Last week, I woke up to find that AIRC’s twitter account @AIRomanculture has surpassed 500 followers. In an era where celebutantes, actors, sports heroes and gun-toting-fathers rack in thousands a day, 500 followers (in a few months) is merely a blink of the eye. It’s not really even a number. But for us, its a big deal. Why? Aren’t archaeologists, classicists, latinists and any book-toting academics stereotypically nose-deep in text all the time?
Maybe. Maybe not.
Take a glimpse at my archaeo-academic desktop on any morning.
My mornings mean connecting and researching in a world that used to be a bit hard enter into, if you aren’t on campus or at a conference. Reaching 500 followers means we are doing our our job to promote cultural heritage– in other words, getting the word out there, keeping up a continuous dialog and searching out/collaborating with/introducing new people. My world of colleagues and better yet friends has exploded out of Rome and into your computer. I may not know what you look like, but I know what you like and I like what you’re talking about.
Social Media is an incredible and relentless asset for the AIRC. We’ve connected with former students, professors and professionals to find out what they are doing and where they are going, we help in keeping issues current (protecting Greece’s cultural heritage) and we’ve connected with people interested in many of our interests from our academic projects in archaeology, communications and Latin (just take a look at “Latin Tweet Ups”, Pipiatio Latina: aka a lot of people “speaking” Latin on twitter)– to our personal interests such as sustainability in Rome, how Ancient Rome appears in pop culture, gastrotourism, sci-fi literature and art crimes.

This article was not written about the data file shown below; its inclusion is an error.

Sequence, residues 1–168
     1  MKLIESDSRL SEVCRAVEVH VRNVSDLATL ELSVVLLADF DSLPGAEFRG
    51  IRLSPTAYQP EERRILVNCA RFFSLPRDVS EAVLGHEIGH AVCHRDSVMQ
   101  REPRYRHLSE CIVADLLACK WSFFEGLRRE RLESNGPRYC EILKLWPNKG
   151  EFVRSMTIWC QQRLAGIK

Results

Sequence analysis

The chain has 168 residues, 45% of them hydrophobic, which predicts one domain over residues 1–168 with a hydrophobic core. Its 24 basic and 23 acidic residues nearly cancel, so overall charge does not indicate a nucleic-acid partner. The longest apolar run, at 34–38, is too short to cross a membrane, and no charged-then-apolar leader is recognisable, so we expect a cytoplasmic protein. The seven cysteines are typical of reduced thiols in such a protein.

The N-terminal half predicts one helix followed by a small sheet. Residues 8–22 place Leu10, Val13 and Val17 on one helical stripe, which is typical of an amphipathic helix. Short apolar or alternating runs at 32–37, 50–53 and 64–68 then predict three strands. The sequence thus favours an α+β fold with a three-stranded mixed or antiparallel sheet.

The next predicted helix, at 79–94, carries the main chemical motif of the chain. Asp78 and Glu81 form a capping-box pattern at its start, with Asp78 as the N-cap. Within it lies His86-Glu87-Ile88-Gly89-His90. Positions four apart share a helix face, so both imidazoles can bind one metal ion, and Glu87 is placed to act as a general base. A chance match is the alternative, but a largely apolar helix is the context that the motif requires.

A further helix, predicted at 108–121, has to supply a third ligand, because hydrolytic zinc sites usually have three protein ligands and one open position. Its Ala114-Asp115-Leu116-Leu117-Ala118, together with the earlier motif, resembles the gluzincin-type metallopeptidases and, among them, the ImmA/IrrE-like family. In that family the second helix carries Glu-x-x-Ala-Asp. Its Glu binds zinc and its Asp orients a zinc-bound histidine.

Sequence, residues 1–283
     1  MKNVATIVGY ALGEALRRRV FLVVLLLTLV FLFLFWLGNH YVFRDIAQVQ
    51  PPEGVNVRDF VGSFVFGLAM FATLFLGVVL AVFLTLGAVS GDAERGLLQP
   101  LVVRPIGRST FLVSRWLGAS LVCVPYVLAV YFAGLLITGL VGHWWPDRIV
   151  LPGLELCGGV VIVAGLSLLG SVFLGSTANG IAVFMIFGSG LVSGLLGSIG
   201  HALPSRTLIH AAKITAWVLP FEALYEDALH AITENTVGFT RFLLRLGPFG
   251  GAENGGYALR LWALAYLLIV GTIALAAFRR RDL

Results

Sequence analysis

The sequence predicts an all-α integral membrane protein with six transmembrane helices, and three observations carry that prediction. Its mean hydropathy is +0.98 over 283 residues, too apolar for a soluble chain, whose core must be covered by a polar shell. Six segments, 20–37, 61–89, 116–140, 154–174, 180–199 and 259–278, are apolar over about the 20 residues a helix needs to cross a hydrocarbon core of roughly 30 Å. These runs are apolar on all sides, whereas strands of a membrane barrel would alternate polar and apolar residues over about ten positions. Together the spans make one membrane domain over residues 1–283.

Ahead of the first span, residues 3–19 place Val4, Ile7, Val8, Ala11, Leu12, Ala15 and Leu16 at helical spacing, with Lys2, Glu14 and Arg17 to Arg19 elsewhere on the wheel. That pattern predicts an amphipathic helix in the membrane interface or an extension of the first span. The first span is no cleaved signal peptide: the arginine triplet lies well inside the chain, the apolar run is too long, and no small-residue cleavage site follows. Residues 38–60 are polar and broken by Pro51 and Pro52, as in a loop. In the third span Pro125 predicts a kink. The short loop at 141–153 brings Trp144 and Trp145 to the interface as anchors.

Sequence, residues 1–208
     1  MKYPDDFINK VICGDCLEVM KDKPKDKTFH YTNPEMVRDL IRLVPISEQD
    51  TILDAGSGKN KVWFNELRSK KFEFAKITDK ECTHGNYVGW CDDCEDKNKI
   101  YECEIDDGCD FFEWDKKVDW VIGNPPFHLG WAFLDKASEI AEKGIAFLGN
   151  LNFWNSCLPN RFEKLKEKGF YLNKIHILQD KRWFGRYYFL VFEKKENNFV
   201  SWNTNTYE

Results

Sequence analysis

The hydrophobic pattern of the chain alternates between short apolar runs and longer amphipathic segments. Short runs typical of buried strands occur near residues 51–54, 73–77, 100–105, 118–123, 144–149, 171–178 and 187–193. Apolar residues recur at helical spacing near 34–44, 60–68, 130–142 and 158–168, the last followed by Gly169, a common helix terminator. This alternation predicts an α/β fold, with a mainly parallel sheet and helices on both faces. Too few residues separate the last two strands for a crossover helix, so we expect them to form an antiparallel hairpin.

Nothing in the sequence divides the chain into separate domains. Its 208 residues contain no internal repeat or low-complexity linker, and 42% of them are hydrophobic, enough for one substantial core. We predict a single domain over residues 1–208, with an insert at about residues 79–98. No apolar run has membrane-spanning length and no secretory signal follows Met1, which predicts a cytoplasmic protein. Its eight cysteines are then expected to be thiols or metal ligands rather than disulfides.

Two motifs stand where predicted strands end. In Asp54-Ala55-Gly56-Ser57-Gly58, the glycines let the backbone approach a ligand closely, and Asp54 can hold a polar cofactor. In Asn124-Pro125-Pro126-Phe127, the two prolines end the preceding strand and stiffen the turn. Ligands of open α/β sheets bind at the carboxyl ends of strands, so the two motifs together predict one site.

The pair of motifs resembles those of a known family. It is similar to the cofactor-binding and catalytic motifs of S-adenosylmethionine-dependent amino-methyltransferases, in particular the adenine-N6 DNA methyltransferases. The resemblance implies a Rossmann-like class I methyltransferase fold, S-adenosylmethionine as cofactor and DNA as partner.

So yes, we’ve jumped head first into a kind of contemporary archaeology where history is happening instantaneously. To be honest, I can’t keep up with everything we are “supposed” to be doing or not doing. @Airomanculture has committed the twitter faux pas of following more than our number of followers, but I am pretty sure that we are truly reading everyone we are following– and that their tweets are great. And yes, we do enjoy retweeting information because there are a lot of great people out there on Twitter and Facebook (and I guess Pinterest now) who are sharing great information? Does that make us less personable? I don’t know and I hope not. What I do know is that all of this is good for us, for any academic who may be shy (like me) or not have the time, money, resources, connections, patience to stumble across something new, useful and otherwise mind-blowing. And here’s an update: thanks to Twitter, signatures to stop the proposed landfill next to Villa Adriana,aka Protect Hadrian’s Villa petition, will hopefully surpass 2000 as of March 12, 2012. Sign if you haven’t!